We think there may have been a way to not do all of the “adventure” activities (and to cut down on the cost a bit), but we were too lazy to figure it out. We decided that we were fine skipping Dark Cave, but for some people it’s the highlight of their trip, so to each their own!
Phong Nha Cave
Phong Nha Cave isn’t the most beautiful cave we have seen (wah wah), but what is cool about it is that you go through it in a boat. You load a boat from park headquarters (basically just wait around for enough people to get there to split a boat with.. it didn’t take long for us to get 10 people), and you head on down the river. Once you get to the cave entrance, the boat driver cuts the motor and begins to row. They row you through the whole cave. It was pretty neat. There is a small section near the beginning where you can get out and wander around a bit.
Overall, we enjoyed our time in Phong Nha. Paradise Cave really is something to see. However, there were a few things that detracted from our time in Phong Nha:
1. Since I’m writing this at a point in our trip where we will take no more long bus rides, I can say that we had our worst bus ride of the entire trip on the way to Phong Nha. First of all, it was a minivan with seats for 16 (and that is a stretch… a minivan with four people in each row and four rows). We managed to squeeze in 21 people. The air condition barely worked. The driver had the worst regard for safety that I’ve seen (and that’s saying something). He took us on long detours to drop locals off (even though I’m sure we paid much more than the locals). Then, he ran over a dog without a blink of the eye. If I need to add some validity to this story, we were traveling with a Vietnamese person who worked in Phong Nha, and even she said that the driver was a “f***ing douche bag” (which, btw, we thought it was hilarious that a Vietnamese person knew these English words). It wasn’t exactly an enjoyable way to start the trip.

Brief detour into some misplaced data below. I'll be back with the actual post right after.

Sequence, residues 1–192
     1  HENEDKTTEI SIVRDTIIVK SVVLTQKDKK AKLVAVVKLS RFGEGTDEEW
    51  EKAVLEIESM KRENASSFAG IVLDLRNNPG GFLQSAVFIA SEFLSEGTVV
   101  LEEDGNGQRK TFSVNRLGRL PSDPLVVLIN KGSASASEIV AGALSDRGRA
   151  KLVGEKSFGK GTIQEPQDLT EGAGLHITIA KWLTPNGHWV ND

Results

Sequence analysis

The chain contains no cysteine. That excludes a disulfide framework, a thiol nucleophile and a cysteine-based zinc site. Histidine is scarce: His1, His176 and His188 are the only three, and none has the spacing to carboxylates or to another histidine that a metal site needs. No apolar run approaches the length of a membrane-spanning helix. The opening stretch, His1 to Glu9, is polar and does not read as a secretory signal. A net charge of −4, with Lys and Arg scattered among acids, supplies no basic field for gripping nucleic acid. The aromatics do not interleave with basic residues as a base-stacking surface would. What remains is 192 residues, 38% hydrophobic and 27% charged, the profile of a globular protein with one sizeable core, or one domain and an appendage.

2. It has become something of a noticeable theme that Vietnam likes to make all of their natural attractions into theme parks of sorts. Sometimes we like it (I’m looking at you, Dalanta Waterfall) and sometimes it just seems to detract from the experience (as with the elevator up Marble Mountain). Phong Nha definitely seems to be headed in that direction. In fact, we heard that there are plans of building a tram out to the biggest cave in the world so more people can see it (and in turn, more money can be made as they shuffle more people through the cave). Part of me understands this. I mean, on one hand, more people get to see the cave that may not be able to afford $3,000 USD or are not physically strong enough to hike in a few days. And a poor country makes more money (although maybe whoever the money goes to isn’t one of the people that needs more money..). And the other, more obvious, part of me is like… REALLY?! COME ON!
In general, I’d recommend a visit. But if you only have time for one place with caves… head to Mulu!